A successful summer camp has a *play parachute! Parachute time is one of those activities where you can engage children of different ages to play together. I have also never met a child who doesn't love participating in parachute time. Before using the parachute, explain your rules to the group to make it safe. I keep it simple. My rules are:

1. Don't go under the parachute without being asked.
2. Don't go on top of the parachute without being asked.
3. Don't shake the parachute without being asked.
4. Let go when I say it's time to do so.

Once in a while you will have a student who decides not to follow, so for safety reasons I might ask the student to observe and then re-join the game when he/she knows he/she is ready to play it safe.

One more thing is that sometimes there are not enough handles in the parachute for the children to hold onto. I let them know in advance that some of them won't be getting a handle, but there are other parts at the edge of the parachute where they can grab,  too.

Here are some fun activities to play while using the parachute:

Number Tag: Make a circle and everyone holds a handle or part of the parachute. Assign numbers to each child. You will need a number caller. His/her job will be to choose who tags who. For example:
Uno y cinco. The number that gets called first has to tag the second number. They will have to run around the parachute and can also go under. Their turn ends when the tagger tags the other child. You decide when to end the game.

Singing Ball: Place a ball in the middle of the parachute. Have the group sing a song in Spanish while shaking the parachute. If the ball falls off the parachute while singing the song, they will have to start all over again. The game ends when they are all able to sing the song while keeping the ball on the parachute.

Counting Ball or Object: Set a goal with the group of how high they want to count in Spanish. Let's say the group decides that "veinte" is their goal. Place the ball in the middle of the parachute and the children should shake the parachute and start counting in Spanish. Just like the Singing Ball game, the game ends when they are able to say all the numbers while keeping the ball on the parachute.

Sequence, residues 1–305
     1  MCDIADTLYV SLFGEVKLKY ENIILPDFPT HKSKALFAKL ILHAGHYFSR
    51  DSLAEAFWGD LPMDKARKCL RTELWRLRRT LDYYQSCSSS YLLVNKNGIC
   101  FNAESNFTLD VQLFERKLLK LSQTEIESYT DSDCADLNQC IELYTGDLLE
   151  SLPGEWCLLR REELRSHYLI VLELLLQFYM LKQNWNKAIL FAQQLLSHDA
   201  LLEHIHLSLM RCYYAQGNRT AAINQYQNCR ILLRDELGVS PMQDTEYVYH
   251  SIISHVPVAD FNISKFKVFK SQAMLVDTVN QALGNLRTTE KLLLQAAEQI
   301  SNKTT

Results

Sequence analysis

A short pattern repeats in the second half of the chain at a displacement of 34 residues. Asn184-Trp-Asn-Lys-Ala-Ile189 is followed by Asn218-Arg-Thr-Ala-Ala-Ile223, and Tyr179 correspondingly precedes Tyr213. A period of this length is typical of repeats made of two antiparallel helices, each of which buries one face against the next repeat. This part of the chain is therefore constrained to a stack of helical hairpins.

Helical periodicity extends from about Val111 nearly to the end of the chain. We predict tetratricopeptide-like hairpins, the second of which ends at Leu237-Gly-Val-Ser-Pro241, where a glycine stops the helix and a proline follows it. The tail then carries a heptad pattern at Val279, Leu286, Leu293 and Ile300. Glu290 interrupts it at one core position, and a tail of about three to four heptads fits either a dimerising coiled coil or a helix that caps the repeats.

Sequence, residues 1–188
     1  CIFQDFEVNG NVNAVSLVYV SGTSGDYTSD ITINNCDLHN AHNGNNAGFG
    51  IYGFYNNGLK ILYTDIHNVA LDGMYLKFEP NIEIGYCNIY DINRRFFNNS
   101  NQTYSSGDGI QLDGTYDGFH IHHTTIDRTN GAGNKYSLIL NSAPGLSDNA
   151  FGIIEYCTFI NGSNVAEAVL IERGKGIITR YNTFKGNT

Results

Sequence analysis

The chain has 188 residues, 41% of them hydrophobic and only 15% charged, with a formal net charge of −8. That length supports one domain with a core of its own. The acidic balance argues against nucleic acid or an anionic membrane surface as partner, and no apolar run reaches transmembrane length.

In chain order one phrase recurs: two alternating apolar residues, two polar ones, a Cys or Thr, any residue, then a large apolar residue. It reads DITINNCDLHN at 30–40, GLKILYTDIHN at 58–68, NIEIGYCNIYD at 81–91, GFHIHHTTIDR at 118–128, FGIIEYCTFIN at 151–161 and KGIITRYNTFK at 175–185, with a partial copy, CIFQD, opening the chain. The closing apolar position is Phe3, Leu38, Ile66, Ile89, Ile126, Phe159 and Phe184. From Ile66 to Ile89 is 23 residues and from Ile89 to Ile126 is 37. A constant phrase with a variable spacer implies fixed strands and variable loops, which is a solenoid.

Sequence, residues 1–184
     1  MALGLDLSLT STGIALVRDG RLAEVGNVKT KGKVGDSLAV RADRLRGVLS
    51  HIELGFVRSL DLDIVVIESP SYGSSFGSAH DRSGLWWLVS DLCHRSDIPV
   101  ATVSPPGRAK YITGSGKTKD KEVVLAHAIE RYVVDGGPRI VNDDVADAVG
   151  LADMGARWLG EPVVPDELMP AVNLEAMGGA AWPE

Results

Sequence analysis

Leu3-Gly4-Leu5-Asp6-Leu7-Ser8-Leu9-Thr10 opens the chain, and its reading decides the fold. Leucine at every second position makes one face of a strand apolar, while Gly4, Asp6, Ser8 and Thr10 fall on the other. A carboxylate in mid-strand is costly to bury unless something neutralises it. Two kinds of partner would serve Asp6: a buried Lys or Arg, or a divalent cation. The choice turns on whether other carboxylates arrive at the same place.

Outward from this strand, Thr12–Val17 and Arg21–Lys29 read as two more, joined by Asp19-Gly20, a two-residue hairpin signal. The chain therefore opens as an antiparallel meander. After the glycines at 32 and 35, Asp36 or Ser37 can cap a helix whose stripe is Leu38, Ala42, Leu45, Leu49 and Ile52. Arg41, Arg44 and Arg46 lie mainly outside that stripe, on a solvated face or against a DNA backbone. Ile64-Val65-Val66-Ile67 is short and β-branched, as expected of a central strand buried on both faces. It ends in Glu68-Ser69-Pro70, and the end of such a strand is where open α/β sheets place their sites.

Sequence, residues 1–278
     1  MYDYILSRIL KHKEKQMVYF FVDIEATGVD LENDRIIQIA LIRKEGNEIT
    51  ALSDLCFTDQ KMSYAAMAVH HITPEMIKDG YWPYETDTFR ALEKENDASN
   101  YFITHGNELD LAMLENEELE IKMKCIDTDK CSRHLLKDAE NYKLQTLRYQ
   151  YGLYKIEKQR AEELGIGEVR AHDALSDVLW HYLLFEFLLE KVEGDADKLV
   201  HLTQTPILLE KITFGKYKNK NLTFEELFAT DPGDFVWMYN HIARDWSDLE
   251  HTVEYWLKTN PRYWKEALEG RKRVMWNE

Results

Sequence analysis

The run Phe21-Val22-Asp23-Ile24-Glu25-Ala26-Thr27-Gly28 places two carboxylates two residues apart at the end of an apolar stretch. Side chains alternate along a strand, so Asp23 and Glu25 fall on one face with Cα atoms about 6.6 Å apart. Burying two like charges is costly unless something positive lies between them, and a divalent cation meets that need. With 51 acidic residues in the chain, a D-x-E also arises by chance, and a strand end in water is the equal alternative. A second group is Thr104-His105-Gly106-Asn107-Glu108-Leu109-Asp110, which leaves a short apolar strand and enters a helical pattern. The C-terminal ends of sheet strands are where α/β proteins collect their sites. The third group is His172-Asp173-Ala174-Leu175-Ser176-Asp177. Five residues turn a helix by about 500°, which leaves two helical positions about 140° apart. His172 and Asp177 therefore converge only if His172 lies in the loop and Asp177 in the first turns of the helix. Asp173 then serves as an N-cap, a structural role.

Salsacaídas:  This game is the combination of Salsa music and paracaídas (parachute). Choose a few salsa songs for your group to dance to. "Vivir mi vida" and "La Gozadera" have been hits in my classes and are also long enough for the children to take turns dancing. Children can go in pairs or by themselves. Everyone holds the parachute high and shakes it while playing the songs. Children take turns dancing under the parachute. You decide how long you want the activity to go.

Last, but not least, I have another post with a fun song to use while playing the parachute. Follow this link to read it.

Have fun!
*Affiliate link

Las Ollitas {Traditional Game}

This is a fun game that is played in many Latin American countries. It's simple, fun, and doesn't require much preparation.  There are different versions of this game. I am sharing with you the one I remember playing with my friends in a (then) small neighborhood outside of Cali, Colombia. You will need a minimum of six participants to play the game. Each team will have three participants. One person is placed in the middle in a squatting position, grasping their hands between their legs. The two other members of the team have to pretend to prepare el "sancocho," which is a traditional soup in Latin America. They have to pretend they are adding the ingredients to the bowl while saying the lines below:

Para preparar el sancocho,
pongo el pollo,
pongo la yuca,
pongo la papa,
pongo la mazorca,
lo pongo al fuego.
¡El sancocho ya está listo!

When everyone is done making the sancocho together, the game turns into a competition. You will need to set a finish line for everyone to get to. The team who makes it to the finish line first wins the game. You can continue playing until everyone gets tired of it. I recommend playing the game on a field with grass so nobody gets hurt.